Photo: Alain Jocard/AFP/Getty Images

In a paper published Wednesday in the journal Nature, Google reportedly achieved a milestone by using quantum computers to solve a calculation in mere minutes that current machines could not complete in thousands of years.

Why it matters: "Quantum supremacy," the achievement Google is touting, would represent a big but early step toward reliable quantum computers that could solve some currently intractable problems.

Google scientists said their quantum machine completed in less than 3.5 minutes a calculation that would take the most powerful present-day computers 10,000 years to finish.

How it works: Quantum machines use atomic particles to represent "qubits" — short for "quantum bit." One qubit can convey twice as much information as a single traditional computer bit, thus beefing up a system’s computing power. A system's computing power increases exponentially with each additional qubit.

Yes, but: IBM scientists, who are also developing quantum machines, recently argued that Google's team underestimated the power of current computers.

  • IBM scientists claim that a modern computer system could perform the calculation in Google’s report in 2.5 days, and it would make fewer mistakes than Google's quantum machine.

Of note: There's debate over the utility of quantum random number generation — the task Google's machine completed. However, Google says it's important for next-generation cryptography.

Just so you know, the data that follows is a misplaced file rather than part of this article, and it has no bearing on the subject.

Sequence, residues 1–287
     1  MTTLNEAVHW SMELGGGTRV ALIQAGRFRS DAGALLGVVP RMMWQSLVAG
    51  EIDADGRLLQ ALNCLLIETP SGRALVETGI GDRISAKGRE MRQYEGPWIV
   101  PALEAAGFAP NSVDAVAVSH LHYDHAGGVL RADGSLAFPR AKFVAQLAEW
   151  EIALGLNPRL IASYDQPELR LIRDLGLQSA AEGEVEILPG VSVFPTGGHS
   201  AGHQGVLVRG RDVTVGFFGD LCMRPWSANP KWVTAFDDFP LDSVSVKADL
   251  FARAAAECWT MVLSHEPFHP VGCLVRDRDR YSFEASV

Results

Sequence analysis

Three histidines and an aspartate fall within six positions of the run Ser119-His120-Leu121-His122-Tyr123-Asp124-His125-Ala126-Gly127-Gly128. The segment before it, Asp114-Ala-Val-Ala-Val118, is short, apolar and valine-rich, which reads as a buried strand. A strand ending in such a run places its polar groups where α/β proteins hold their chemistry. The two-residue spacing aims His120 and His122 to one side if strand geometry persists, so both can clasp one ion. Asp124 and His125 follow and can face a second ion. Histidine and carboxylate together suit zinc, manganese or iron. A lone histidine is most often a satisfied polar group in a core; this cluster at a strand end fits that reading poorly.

Go deeper: Heading off the quantum encryption apocalypse

Go deeper

Updated 1 hour ago - Politics & Policy

Coronavirus dashboard

Illustration: Sarah Grillo/Axios

  1. Global: Total confirmed cases as of 10 p.m. ET: 32,471,119 — Total deaths: 987,593 — Total recoveries: 22,374,557Map.
  2. U.S.: Total confirmed cases as of 10 p.m. ET: 7,032,524 — Total deaths: 203,657 — Total recoveries: 2,727,335 — Total tests: 99,483,712Map.
  3. States: "We’re not closing anything going forward": Florida fully lifts COVID restaurant restrictions — Virginia Gov. Ralph Northam tests positive for coronavirus.
  4. Health: Young people accounted for 20% of cases this summer.
  5. Business: Coronavirus has made airports happier places The expiration of Pandemic Unemployment Assistance looms.
  6. Education: Where bringing students back to school is most risky.
Mike Allen, author of AM
4 hours ago - Politics & Policy

Biden pushes unity message in new TV wave

A fresh Joe Biden ad, "New Start," signals an effort by his campaign to make unity a central theme, underscoring a new passage in his stump speech that says he won't be a president just for Democrats but for all Americans.

What he's saying: The ad — which began Friday night, and is a follow-up to "Fresh Start" — draws from a Biden speech earlier in the week in Manitowoc, Wisconsin:

Trump prepares to announce Amy Coney Barrett as Supreme Court replacement

Judge Amy Coney Barrett. Photo: Matt Cashore/Notre Dame University via Reuters

President Trump is preparing to nominate federal appeals court Judge Amy Coney Barrett of Indiana, a favorite of both the social conservative base and Republican elected officials, to succeed Justice Ruth Bader Ginsburg, Republican sources tell Axios.

Why it matters: Barrett would push the already conservative court further and harder to the right, for decades to come, on the most important issues in American politics — from abortion to the limits of presidential power. If confirmed, she would give conservatives a 6-3 majority on the high court.